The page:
Fergus Henderson, the Nose to Tail king, returns

Fergus Henderson, author of <i>Nose to Tail Eating</i>, arrives in Melbourne next week.
Fergus Henderson, author of Nose to Tail Eating, arrives in Melbourne next week. Photo: Patricia Niven

You've seen the dish a thousand times: a length of roasted bone marrow served with toasts and parsley salad. Point of origin: Fergus Henderson.

In 1999 the Brit chef wrote the now cult book Nose to Tail Eating: a Kind of British Cooking. With it, he turned a spotlight back onto the unsung heroes of the meat world at a time when the obsession was for the lean, perky fillets.

The book and its sequel (Beyond Nose to Tail, which was combined with the very first version of the book in 2012 as The Complete Nose to Tail) is an ode to pickled tongue and the joys of sweetbreads. If you care about food, a copy probably sits on your shelf with Marco Pierre White's White Heat, Anthony Bourdain​'s Kitchen Confidential and Stephanie Alexander's The Cook's Companion.

Matt Wilkinson, the chef and owner of Pope Joan, ranks Henderson as one of the great game changers of his career, along with Alice Waters, Heston Blumenthal and Thomas Keller. "What Fergus did was re-humanise cooking. The way he looked at things and even the pictures in his books [black and white shots of feasting hands – now republished in The Complete Nose to Tail] were ground breaking."

Henderson didn't invent nose to tail philosophy, but his words rippled through the culinary world like no others.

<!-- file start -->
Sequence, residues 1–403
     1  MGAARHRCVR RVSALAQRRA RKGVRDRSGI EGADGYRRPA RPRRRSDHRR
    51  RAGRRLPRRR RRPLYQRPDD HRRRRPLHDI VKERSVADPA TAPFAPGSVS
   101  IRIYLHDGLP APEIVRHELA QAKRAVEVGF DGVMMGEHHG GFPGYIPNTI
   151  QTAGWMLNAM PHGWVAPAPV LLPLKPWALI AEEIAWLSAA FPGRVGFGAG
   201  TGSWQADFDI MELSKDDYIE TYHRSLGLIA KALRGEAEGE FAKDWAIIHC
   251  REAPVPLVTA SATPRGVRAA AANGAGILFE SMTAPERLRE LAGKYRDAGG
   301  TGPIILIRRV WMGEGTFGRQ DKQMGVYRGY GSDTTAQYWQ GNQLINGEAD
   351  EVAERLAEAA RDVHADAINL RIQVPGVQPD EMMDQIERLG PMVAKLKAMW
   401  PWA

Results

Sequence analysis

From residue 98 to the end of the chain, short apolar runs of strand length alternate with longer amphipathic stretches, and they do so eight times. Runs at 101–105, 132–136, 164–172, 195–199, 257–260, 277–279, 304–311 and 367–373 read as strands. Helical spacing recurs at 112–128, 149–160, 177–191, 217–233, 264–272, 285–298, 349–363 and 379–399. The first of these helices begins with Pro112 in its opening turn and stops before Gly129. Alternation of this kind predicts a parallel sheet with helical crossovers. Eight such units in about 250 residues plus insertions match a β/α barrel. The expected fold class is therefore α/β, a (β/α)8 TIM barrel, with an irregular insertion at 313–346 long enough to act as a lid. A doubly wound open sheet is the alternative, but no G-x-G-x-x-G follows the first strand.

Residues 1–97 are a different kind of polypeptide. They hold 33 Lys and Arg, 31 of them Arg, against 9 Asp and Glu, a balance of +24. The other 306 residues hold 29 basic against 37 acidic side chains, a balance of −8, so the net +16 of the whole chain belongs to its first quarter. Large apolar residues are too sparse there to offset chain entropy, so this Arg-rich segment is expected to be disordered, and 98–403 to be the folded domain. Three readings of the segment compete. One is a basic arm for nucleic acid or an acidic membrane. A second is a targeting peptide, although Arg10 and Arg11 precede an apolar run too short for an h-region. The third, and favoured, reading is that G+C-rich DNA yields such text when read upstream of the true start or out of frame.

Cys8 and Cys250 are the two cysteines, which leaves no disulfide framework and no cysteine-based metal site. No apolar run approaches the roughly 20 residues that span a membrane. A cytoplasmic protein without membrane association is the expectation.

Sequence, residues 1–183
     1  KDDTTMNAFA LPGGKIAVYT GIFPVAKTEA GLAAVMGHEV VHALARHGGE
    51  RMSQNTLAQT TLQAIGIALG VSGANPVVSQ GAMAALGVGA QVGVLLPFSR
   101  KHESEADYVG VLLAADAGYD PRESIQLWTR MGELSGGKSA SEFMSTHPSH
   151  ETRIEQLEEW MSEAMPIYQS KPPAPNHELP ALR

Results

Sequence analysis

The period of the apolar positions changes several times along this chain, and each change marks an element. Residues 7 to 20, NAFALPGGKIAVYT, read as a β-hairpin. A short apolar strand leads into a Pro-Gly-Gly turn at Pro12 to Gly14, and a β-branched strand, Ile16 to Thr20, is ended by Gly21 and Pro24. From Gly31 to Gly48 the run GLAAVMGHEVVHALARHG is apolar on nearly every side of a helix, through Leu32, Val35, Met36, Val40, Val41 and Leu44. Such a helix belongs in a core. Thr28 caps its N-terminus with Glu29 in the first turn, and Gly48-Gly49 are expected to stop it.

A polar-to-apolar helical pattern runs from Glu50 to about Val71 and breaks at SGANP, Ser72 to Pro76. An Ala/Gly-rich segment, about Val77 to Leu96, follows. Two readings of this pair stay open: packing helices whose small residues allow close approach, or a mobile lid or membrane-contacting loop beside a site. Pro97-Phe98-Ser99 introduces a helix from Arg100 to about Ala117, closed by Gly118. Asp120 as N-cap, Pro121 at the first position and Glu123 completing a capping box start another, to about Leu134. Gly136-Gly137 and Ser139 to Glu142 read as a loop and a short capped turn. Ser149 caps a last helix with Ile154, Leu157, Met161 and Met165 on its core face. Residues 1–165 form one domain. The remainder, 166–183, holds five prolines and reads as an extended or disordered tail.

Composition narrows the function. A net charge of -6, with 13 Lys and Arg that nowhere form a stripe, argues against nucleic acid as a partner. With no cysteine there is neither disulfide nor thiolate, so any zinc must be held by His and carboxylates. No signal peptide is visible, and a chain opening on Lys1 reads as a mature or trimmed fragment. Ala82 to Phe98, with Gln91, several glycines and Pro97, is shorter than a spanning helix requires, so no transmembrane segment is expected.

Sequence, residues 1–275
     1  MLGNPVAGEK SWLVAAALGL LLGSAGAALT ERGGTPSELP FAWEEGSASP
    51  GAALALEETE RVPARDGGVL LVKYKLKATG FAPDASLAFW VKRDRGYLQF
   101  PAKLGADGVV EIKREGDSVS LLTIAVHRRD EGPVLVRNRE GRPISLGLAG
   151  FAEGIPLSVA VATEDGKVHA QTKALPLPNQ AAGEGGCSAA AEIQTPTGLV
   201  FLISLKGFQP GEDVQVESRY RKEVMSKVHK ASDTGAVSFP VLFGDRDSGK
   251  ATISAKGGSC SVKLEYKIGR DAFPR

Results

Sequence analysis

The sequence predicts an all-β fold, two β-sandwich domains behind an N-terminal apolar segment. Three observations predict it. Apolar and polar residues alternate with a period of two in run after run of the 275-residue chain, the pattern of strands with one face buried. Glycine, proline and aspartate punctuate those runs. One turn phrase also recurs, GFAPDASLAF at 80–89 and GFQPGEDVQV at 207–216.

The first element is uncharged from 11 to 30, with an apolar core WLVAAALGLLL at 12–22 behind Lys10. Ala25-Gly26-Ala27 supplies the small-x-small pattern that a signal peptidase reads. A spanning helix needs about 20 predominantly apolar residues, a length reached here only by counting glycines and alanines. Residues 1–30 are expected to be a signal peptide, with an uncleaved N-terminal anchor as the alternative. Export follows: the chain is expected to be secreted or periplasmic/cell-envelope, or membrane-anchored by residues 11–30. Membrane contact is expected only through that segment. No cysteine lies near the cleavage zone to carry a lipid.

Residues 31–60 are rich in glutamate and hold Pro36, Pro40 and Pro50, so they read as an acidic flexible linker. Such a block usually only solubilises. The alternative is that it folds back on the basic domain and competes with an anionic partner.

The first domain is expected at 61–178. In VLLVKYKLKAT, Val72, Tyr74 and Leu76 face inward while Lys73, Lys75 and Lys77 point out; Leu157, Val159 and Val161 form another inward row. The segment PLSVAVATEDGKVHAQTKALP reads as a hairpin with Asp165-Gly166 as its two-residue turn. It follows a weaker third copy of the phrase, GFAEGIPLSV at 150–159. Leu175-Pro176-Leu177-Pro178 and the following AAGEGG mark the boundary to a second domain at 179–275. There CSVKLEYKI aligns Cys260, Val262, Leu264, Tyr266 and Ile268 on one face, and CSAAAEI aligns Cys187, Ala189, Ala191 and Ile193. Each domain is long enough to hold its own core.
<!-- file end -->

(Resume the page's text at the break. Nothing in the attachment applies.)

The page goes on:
Henderson arrives in Melbourne next week for Good Food Month. And more than a decade on from his rise to fame, his legacy has never been more evident or important.

Every steakhouse worth its salt is serving formerly unloved flatiron and hangar steaks. Ox tongue is on every wine bar menu. Sweetbread prices are through the roof.

"It's a godsend that Fergus is arriving now to remind us how to use lesser known cuts," says Richard Cornish, whose new book My Year Without Meat takes an outside view of the industry. "Meat consumption is too high. Many butchers are struggling and giving up market share to supermarkets, but those who care are passionate."

On the flip side, one of the biggest food trends of 2016 has been the rise of the boutique butcher.


Andrew McConnell, the chef-restaurateur behind Supernormal and Cutler and Co, recently launched Meatsmith, servicing his own venues, other restaurants and the public with ethically raised meat. It joins Skinner and Hackett in Carlton, Victor Churchill in Sydney and in LA, Gwen (the butcher-shop-cum-restaurant by sandy haired celebrity chef Curtis Stone) in flying the flag for the ethical products and under-loved cuts.

Stone says of the format "we're closing the loop on wastage by cooking everything the shop customers tend to shy away from. That in turn advertises how good those lesser known cuts can be."

Nothing speaks more clearly of Henderson's philosophy. Sinew and bone more than ever are having their day in the sun. Come and give thanks to the man who started it all. 

Fergus Henderson is in town for Good Food Month. Buy tickets to a Sunday picnic at French Saloon on November 27th featuring great British dishes from Henderson and Matt Wilkinson at goodfoodmonth.com/melbourne